The piano's left-hand men

April 10, 1996|By Stephen Wigler | Stephen Wigler,SUN MUSIC CRITIC

While perusal of William Bolcom's score for "Gaea" suggests that it is much more than a compositional stunt, there's a sense in which every left-handed work is just that.

The piano's left hand repertory came into existence for one reason -- pianist-composers love to show off. The way Brahms viewed Bach's unfathomably great Chaconne for solo violin is a classic example of such a mind-set.

"On a single staff, for a tiny instrument, the man has written a whole world of the most profound ideas and powerful emotions," he told Clara Schumann. But when Brahms decided to transcribe the Chaconne for the piano, he did it for left hand alone. Only then, he said, could he approximate "the degree of difficulty, the nature of the technique, the rendering of the arpeggios" that made Bach's accomplishment so remarkable.

But, in this era, the left hand repertory continues to grow for more practical reasons. When pianists like Gary Graffman or Leon Fleisher injure themselves, they usually hurt their right hands, which receive most of the stress.

Such injuries to the right hand led Felix Blumenfeld, the teacher of Vladimir Horowitz, to write his Etude in A flat for left hand, and induced Scriabin to write his prelude and nocturne for left hand.

The greatest spurt of growth in the left hand repertory came because of World War I, in which many of the young men of Europe were maimed. It was the wealthy, young Viennese pianist Paul Wittgenstein, whose right arm was amputated after he was wounded on the Russian front, who was midwife to most of this century's most familiar left-handed pieces.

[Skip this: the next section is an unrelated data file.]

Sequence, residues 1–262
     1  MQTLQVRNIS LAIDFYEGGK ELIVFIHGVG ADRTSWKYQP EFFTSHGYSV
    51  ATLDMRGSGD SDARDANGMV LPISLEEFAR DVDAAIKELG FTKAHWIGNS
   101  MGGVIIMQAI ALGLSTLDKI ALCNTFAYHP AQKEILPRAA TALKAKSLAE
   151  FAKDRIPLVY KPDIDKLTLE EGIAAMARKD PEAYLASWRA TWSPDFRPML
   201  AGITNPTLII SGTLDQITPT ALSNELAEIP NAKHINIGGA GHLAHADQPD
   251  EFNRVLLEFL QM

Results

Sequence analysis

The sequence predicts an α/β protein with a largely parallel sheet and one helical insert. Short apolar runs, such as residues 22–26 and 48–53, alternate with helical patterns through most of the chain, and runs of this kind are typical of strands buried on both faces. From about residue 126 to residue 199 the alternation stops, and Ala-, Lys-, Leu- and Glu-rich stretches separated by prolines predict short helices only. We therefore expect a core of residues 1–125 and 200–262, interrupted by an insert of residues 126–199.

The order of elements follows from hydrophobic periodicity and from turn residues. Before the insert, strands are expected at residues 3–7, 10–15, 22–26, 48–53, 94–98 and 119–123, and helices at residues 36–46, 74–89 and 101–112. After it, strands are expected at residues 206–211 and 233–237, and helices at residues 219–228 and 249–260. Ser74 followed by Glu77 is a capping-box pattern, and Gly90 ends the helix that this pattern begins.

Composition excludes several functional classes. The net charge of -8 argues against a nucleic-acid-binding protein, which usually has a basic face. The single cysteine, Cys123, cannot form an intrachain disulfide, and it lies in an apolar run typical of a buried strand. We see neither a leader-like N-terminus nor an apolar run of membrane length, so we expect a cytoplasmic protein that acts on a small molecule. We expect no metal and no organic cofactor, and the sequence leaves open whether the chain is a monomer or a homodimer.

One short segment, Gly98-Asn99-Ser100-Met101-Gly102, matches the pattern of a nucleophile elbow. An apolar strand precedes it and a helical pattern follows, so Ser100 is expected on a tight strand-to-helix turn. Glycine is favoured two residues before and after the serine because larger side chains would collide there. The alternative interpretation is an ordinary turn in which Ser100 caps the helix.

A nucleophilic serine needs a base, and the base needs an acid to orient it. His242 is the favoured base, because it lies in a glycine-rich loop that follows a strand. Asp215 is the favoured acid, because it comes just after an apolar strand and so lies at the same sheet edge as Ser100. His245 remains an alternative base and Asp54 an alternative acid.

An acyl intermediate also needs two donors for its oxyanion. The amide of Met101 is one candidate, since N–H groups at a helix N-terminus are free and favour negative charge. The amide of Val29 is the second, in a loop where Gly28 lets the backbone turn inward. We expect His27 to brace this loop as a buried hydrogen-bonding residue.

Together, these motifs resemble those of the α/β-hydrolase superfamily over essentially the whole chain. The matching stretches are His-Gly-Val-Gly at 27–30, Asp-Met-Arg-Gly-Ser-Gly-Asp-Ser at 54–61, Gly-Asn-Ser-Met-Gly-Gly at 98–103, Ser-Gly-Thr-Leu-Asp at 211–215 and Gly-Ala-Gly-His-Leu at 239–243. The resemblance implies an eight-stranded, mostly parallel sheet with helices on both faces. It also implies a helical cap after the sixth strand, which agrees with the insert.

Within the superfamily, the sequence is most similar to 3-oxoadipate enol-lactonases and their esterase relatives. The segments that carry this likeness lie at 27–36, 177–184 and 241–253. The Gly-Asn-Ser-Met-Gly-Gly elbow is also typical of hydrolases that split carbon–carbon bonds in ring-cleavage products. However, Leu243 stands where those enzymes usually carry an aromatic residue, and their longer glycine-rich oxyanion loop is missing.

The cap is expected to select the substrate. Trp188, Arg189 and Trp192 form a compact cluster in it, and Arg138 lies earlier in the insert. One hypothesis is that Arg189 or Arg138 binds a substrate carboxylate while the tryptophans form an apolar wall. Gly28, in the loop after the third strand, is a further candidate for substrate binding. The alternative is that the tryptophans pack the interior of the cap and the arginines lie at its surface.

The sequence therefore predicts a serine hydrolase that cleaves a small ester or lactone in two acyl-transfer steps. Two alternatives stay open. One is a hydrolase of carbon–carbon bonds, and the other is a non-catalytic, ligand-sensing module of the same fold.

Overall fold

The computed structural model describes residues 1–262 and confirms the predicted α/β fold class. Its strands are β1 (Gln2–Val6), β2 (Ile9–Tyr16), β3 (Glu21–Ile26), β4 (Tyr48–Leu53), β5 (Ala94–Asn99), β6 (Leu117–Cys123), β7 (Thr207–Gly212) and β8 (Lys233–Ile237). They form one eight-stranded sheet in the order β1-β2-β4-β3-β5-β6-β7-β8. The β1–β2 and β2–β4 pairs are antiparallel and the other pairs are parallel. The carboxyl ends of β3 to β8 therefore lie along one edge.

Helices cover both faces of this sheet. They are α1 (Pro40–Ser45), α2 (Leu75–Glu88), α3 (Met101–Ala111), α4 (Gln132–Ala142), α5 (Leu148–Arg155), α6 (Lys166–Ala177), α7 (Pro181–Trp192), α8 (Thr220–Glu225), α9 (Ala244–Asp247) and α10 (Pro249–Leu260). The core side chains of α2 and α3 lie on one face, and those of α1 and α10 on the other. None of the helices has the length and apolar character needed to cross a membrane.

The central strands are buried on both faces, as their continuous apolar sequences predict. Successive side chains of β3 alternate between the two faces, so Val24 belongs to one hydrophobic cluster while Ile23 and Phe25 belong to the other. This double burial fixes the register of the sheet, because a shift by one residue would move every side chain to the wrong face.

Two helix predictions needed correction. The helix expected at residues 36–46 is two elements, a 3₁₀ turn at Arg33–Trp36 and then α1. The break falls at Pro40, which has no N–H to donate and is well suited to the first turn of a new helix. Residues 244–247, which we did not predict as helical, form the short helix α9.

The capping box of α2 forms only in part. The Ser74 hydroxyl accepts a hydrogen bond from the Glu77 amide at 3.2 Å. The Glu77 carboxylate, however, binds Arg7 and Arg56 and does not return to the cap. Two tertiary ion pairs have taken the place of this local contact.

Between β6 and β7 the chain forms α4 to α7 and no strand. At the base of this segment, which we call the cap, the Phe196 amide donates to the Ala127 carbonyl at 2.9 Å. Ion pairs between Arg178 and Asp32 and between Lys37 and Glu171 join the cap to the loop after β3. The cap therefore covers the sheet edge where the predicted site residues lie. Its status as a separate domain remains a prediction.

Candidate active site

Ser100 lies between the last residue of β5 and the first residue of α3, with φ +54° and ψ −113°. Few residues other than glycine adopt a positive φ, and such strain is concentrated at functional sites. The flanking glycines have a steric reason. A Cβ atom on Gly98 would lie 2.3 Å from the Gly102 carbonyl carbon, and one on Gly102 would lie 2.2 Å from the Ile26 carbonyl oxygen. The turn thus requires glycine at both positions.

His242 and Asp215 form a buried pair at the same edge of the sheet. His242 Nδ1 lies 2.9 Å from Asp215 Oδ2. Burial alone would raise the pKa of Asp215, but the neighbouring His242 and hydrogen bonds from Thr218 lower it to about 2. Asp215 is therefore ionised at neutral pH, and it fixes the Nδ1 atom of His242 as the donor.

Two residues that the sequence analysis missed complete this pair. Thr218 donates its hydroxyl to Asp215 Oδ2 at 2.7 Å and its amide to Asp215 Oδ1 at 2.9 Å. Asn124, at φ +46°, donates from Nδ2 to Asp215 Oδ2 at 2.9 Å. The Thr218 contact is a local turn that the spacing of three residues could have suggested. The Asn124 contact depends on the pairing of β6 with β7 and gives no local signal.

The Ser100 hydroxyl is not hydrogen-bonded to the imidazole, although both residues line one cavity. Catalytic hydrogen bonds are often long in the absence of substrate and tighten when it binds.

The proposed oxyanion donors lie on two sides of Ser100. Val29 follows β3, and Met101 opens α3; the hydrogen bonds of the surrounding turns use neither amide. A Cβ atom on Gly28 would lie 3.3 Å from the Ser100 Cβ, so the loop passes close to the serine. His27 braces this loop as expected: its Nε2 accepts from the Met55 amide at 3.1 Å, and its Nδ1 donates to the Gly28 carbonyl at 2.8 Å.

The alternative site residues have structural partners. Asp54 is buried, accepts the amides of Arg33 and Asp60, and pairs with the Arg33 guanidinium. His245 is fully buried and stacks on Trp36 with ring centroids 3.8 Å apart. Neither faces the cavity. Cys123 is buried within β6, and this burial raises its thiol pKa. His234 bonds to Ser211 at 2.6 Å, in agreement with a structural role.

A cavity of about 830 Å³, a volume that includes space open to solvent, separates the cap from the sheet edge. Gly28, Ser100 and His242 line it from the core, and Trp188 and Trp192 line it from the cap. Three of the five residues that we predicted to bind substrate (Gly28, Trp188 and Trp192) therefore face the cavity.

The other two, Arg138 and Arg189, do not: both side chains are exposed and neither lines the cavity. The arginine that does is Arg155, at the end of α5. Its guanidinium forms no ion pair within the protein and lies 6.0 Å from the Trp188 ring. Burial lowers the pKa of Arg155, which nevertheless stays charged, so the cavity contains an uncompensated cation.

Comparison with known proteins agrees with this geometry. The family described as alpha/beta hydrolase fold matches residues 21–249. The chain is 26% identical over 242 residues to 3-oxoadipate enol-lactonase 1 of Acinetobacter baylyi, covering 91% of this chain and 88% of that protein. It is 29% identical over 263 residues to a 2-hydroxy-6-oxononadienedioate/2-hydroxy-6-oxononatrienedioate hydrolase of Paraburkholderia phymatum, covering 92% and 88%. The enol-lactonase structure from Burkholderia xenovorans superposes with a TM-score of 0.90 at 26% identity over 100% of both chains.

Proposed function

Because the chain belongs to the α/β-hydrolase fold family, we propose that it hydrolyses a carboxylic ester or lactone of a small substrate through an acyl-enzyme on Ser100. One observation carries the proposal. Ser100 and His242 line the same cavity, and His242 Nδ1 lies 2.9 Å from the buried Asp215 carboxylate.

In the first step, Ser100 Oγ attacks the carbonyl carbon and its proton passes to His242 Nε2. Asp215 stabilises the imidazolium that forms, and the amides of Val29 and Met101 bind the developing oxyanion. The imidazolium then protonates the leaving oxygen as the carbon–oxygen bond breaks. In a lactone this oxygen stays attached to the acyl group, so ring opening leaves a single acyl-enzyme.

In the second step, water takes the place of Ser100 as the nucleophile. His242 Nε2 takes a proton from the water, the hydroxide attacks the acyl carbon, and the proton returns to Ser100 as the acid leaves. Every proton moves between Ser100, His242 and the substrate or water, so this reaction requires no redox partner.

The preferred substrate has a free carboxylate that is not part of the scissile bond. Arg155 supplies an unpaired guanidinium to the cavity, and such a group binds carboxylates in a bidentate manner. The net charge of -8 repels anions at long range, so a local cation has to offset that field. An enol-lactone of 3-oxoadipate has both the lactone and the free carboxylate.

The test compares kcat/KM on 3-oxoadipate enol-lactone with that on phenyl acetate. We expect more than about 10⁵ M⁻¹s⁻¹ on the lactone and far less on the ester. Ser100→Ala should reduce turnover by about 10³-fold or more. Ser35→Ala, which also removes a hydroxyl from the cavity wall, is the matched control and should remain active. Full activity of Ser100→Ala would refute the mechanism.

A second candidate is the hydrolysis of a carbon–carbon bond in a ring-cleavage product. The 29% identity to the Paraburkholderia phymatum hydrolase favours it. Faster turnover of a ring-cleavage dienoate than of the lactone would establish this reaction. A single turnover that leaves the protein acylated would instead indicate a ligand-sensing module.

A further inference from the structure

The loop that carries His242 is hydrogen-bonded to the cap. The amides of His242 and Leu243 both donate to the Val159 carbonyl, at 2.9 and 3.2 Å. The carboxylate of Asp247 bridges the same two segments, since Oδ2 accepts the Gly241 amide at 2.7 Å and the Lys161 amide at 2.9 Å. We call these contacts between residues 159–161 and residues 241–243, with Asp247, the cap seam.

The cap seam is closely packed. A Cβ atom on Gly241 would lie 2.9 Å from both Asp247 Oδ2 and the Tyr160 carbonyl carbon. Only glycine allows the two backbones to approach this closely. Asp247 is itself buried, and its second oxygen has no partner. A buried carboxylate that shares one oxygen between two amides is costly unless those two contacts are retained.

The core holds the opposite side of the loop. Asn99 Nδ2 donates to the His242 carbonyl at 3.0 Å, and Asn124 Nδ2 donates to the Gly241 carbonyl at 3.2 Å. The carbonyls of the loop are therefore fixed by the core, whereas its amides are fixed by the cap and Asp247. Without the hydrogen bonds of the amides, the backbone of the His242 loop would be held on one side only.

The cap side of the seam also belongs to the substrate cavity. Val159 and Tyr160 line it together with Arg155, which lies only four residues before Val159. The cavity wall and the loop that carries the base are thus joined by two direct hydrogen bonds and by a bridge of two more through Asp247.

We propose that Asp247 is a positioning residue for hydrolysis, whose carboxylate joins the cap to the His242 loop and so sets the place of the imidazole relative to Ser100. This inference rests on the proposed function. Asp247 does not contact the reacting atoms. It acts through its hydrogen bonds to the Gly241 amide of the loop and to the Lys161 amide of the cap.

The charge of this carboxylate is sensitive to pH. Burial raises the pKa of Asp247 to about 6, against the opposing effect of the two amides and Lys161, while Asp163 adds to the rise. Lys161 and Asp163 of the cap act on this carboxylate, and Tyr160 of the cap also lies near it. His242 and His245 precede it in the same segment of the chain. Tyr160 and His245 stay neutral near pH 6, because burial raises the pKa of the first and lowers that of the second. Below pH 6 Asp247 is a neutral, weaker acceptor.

The most famous of his commissions was the Ravel D Major Concerto, but he was also responsible for Prokofiev's Concerto No. 4, Richard Strauss' "Parergon on the 'Sinfonia Domestica,' " Britten's "Diversions," as well as pieces by Erich Wolfgang Korngold, Franz Schmidt, Paul Hindemith and others.

Why isn't there a corresponding repertory for right hand alone?

Partly because it's much harder to write for right hand alone. A single-hand piece needs the sonority, bass and harmony established first. But when the thumb and index finger are forced to reach awkwardly across the body, as they must be with the right hand, it is difficult to get much leverage and more difficult still to voice large structures such as a concerto.

In concert

Who: Leon Fleisher (Thursday and Saturday), Gary Graffman (Friday and Saturday)

When: 8: 15 each night

Where: Meyerhoff Symphony Hall Tickets: $18-$51

Information: (410) 783-8000

Pub Date: 4/10/96

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